Do You Seek Client Feedback? Pro Tip: You Should

Client feedback during and after projects is critical information that Architects and Consultants need to learn from mistakes, continue to grow, and improve.

May 2, 2023

Architects and Consultants often have a lot of projects, deadlines, and things on the go. Whether you're in the weeds, or managing a team, things are usually pretty busy. It might be hard to find time to get feedback from your clients, but it’s very important to ensure your business is operating successfully and people actually enjoy working with you. 

Hearing what they have to say can help improve your process and team in a lot of different ways. Most firms operate on repeat clients and referrals. Improving your firm will also help get new clients because let's face it - it’s a pretty tight-knit community, and word spreads easily. Your clients will appreciate the fact that you’re putting time aside to listen to them and taking steps to improve, which will make working with you even better.

How can you get feedback?

It can sometimes be difficult to get honest, constructive feedback from people. There are a few different ways you can go about this.

Idea 1: In-person Working Session

This is a great opportunity for the entire team to come together and examine what worked well, and what can be improved. Of course, people need to understand that this is not an opportunity to throw people under the bus or complain. This is specifically to reflect and learn from mistakes or areas that need improvement.

Go into the meeting with a list of topics you want to cover and questions to ask so you can stay on track and not let the meeting go off the rails. Maybe even give yourself a time limit for each topic or question. That may help people give responses and not go on and on about that one time 8 months ago when an RFI response was missing a dimension and caused confusion.

Stay high level. Stay focused.

Idea 2: Online Surveys

Surveys are a good way for people to give honest feedback. They aren’t being watched by a group of people while they give their feedback, and can even be anonymous depending on the scenario and how much detail they go into. This is also a great method to get consistent and comparable feedback from clients. 

Develop a survey with thoughtful questions that can result in action items and productive feedback. Keeping the survey consistent across all clients will allow you to compare apples to apples. Of course, there will be keyboard warriors, so try and decipher those responses for productive feedback.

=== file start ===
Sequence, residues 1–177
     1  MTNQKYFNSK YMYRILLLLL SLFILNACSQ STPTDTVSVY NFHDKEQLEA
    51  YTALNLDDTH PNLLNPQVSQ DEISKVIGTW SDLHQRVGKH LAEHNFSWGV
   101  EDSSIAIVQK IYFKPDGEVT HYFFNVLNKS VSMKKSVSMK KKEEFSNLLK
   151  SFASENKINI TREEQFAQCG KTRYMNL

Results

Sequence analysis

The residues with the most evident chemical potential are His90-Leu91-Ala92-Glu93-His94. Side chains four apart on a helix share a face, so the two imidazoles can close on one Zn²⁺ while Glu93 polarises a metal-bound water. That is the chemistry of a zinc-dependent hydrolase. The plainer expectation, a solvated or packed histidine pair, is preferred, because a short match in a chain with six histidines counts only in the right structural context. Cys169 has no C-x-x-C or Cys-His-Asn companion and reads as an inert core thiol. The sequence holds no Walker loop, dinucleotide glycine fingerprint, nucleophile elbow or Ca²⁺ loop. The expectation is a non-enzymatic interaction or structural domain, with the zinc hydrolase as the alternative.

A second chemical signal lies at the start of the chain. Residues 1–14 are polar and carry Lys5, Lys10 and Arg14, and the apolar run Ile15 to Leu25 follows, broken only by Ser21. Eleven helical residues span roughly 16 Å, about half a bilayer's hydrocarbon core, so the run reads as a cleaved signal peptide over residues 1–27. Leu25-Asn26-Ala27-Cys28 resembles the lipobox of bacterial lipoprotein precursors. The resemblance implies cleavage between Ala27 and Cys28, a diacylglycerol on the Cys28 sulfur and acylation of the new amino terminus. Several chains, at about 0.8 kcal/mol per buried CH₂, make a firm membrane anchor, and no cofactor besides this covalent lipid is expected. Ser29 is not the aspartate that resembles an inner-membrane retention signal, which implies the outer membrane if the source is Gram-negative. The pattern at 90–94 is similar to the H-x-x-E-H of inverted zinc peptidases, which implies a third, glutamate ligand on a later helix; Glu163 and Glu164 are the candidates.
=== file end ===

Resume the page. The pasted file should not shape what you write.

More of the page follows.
Use a variety of questions. 1 to 2 sentence response, yes or no answers, and scales. This will keep it easy and efficient to respond to, so they’re more likely to do it if it only takes 5 - 10 minutes of their time. 

Here are a few examples of questions you could ask. They are high-level, so you can compare answers easily, but there are also enough areas for them to expand and give details.

Turning Feedback Into Actionable Items

Don't let all that hard work go to waste. Now that you have gone through the effort and exercise of gathering feedback from your clients, it's time to review it so you can act on it.

If you've had an in-person meeting, review your notes from those meetings and try and dissect that feedback even further.

Here's an example. Client: "I don't think the drawings were at the right stage for tendering. There were a lot of tender RFIs".

What could this mean?

#1 Maybe the GC wasn't familiar with the in-depth scope of work or specifications, which resulted in a lot of RFIs.

#2 Maybe we should do peer reviews on our next project before we tender? This will help us get feedback to make sure the drawing set is good to go before it's issued.

#3 Perhaps we could contribute to forming the scope of work when tendering happens.

Client feedback is critical to the success of your business. However, feedback from your consultant team is also important. Developing these solid relationships to ensure you enjoy working with each other and can depend on one another for industry knowledge and collaboration is key. Just like Clients, Architects work with a lot of repeat consultants. Make sure your firm is one that people want to work with.

Listen. Act. Improve. Repeat.